I would also add that in addition to head and heart, Baldwin knew the importance of the body as the site and source of human liberation. This is the Baldwin who published Giovanni’s Room in 1954, an explicitly gay novel, now considered a classic, but which at the time was a massive risk, not only because he was a young writer, but also because this was a time when people were literally arrested for being in possession of such “obscene” material. Baldwin understood that sex and the body were at the core of understanding American racial and political attitudes. Reading through these essays one is never more than a sentence or paragraph away from the body, whether he is writing about the physical work of labor, the perplexities of love and sexuality, or the reality of death. In this way Baldwin belongs in conversation with another of New York’s great writers, Walt Whitman. Like Whitman, Baldwin knew New York City, and the nation it belongs to, backwards and forwards, from top to bottom. Because of the circumstances of their birth – Baldwin born poor into a storefront church family in Harlem, Whitman born poor into a Long Island family full of alcoholism and disability – both writers learned what it means to be on familiar terms with a human desperation that most Americans spend their whole lives trying not to see. Baldwin saw it all, the depths poverty in Harlem, the bright lights and glamour of the Broadway stage, the suffocating racial customs of the South, the staggering stupidity of Hollywood. He also witnessed the perceptions of Americans abroad, in Europe (especially Paris) and in the Muslim world (particularly in Turkey where he lived off and on over a decade).
The essays in The Cross of Redemption are surprisingly fresh. It is a credit to Baldwin’s genius as a writer that his work remains vibrant and timeless even thought he was writing about political figures and controversies that have since faded into the past. I’ve been reading Baldwin for years, but I admit I came to this collection with the (arrogant) perception that I would somehow have to update his commentary to write about him. I had the idea that Baldwin was a writer who, despite his split from the church, remained mired in Christian theology and yoked to a problematic notion of Christian victimhood. I thought I would have to revise his work to account for all the political changes since his death in 1987. I also thought I’d need to account for the growth of things like the Internet and new media, and its string of ridiculous spectacles passed off as “news.”
Nope. Jimmy was way ahead of the game.
For instance, in “Mass Culture and the Creative Artist” Baldwin writes “The people who run mass media and those consume it are really in the same boat. They must continue to produce things they do not really admire, still less love, in order to continue buying things they do not really want, still less need. If we were dealing only with fintails, two-tone cars, or programs like Gunsmoke, the situation would not be so grave. The trouble is the serious things are handled (and received) with the same essential lack of seriousness.” Take out the references to cars and Gunsmoke, and essentially the commentary applies to today’s ridiculous new media spectacles. In another example, “An Open Letter to My Sister Angela Y. Davis” and “A Letter to Prisoners,” Baldwin speaks to the conditions of our ever expanding prison industrial complex, as the profits of incarceration continue to be fueled by the bodies of the poor, most of them are young black and Latino males.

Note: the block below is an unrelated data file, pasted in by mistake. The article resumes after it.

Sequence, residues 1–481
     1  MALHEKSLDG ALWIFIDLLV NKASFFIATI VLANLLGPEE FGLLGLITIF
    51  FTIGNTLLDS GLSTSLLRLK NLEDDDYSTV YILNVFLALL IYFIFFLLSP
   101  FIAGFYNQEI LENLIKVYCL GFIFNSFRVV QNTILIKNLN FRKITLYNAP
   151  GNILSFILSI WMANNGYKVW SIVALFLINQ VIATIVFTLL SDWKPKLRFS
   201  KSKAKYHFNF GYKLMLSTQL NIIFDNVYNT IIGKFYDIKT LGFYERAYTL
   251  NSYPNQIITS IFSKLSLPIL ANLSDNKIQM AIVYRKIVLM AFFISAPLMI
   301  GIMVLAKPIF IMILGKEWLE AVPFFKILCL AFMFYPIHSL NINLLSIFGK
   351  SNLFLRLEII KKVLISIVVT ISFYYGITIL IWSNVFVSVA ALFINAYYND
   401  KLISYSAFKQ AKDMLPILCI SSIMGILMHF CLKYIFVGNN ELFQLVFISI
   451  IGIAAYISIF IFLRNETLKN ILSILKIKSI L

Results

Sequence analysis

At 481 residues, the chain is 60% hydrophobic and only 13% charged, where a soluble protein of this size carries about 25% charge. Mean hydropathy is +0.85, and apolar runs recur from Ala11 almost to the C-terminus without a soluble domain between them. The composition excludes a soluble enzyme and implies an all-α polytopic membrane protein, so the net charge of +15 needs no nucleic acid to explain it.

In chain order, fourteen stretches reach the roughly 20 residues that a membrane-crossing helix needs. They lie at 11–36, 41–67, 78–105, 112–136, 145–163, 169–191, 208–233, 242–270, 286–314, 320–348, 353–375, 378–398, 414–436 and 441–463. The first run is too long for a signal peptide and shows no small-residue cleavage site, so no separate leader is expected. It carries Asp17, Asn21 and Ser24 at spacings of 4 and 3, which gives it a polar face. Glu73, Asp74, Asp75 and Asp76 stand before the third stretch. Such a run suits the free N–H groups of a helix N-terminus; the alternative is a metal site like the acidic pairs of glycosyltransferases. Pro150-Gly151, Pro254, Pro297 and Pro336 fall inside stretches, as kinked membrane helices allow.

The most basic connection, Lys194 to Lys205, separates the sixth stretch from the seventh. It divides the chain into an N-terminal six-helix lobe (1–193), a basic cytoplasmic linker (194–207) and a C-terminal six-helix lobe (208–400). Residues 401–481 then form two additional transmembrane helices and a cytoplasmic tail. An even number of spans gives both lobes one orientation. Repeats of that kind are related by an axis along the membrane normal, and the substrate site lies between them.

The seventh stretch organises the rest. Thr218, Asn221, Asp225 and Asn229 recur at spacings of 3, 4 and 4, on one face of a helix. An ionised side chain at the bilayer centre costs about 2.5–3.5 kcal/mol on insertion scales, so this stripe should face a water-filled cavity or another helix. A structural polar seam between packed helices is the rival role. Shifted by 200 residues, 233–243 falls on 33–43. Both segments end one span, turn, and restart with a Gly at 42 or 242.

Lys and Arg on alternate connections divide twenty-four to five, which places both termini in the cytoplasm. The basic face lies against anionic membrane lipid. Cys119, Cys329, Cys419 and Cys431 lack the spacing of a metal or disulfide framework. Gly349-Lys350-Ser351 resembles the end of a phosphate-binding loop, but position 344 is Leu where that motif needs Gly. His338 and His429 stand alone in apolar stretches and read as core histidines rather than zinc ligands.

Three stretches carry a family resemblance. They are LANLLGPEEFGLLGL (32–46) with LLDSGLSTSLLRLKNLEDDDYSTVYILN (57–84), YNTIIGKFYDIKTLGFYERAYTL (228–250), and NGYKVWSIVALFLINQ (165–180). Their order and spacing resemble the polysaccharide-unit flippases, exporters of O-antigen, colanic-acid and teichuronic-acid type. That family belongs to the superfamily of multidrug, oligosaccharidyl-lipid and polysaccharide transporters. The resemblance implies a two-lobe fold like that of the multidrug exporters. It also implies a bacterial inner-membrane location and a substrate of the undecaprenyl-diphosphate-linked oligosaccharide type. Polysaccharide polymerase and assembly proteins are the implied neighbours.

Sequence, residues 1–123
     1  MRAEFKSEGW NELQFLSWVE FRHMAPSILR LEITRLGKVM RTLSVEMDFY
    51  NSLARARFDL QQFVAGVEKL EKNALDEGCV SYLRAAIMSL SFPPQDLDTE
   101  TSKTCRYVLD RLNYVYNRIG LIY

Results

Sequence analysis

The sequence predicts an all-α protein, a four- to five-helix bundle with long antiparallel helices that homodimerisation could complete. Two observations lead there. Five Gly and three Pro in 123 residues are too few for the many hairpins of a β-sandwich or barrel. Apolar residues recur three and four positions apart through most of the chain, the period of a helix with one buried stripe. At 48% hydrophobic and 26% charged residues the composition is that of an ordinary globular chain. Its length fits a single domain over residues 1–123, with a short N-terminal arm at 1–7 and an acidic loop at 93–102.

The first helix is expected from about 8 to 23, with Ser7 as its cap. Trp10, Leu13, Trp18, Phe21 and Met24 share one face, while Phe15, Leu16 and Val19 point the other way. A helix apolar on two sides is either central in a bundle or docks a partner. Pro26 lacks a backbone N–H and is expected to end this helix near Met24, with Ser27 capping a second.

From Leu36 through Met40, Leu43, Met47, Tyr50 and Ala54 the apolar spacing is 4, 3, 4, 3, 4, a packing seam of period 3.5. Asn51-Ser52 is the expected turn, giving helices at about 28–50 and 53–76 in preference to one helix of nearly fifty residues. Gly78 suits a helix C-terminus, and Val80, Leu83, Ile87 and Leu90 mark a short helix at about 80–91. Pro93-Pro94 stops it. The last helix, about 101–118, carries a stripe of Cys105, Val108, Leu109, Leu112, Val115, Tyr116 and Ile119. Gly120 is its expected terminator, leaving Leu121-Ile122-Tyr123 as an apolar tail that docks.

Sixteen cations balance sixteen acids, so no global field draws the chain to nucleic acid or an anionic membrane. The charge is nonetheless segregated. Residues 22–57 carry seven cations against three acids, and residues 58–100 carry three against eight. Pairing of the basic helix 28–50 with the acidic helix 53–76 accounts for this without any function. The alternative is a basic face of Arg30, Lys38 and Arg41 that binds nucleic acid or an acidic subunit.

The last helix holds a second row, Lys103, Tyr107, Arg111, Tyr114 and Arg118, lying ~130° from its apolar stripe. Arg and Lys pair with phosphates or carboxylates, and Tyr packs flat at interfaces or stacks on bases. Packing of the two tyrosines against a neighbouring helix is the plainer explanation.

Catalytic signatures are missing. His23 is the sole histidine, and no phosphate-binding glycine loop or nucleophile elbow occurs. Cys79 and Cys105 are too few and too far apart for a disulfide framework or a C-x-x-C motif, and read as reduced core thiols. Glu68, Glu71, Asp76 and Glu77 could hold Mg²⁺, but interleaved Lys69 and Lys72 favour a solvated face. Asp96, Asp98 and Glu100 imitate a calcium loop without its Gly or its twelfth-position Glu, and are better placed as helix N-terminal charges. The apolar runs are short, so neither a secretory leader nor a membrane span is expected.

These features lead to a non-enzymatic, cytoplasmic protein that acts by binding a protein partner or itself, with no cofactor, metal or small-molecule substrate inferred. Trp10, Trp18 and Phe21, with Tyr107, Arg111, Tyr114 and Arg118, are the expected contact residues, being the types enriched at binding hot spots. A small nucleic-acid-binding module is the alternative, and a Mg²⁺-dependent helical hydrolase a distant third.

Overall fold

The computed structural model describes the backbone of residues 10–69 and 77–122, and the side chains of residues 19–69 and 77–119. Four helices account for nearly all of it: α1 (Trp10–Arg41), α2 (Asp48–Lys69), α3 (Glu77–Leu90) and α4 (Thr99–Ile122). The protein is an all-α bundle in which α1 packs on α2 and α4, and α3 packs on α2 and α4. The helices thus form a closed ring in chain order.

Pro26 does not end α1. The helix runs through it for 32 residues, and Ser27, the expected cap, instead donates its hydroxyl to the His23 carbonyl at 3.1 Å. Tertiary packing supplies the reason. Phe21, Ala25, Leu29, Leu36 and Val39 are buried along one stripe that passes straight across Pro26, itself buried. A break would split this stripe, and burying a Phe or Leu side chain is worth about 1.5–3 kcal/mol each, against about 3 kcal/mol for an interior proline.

There are several pieces in the collection that I could spend this entire review quoting and parsing over. But the one that stirred me the most was “The Uses of the Blues.” Here Baldwin weaves together the genius of black music and ties it to the history and politics of the United States. Certainly when he quotes Bessie Smith “Then it thundered and lightnin’d and the wind began to blow/ There’s thousands of people ain’t got no place to go” Hurricane Katrina comes to mind. From “Brownie you’re doing a heckuva job” to a spaced out Barbara Bush saying that sleeping on the floor in a gym in Texas was “working out well” for the evacuees since they were dead broke anyway, the disaster impressed on a whole new generation of young people that the American government still possesses a shameful lack of regard for the poor, and in particular, poor people of color. (“George Bush does not care about black people”) And yet, while Barack Obama certainly rode a wave of indignation about Hurricane Katrina, about Wall Street’s excesses, and about the economic inequalities throughout the nation, and harnessed them into his impressive run to the White House, that indignation and that guarded sense of suspicion the people have for this country still exists in spite of his historic win. Baldwin puts it this way: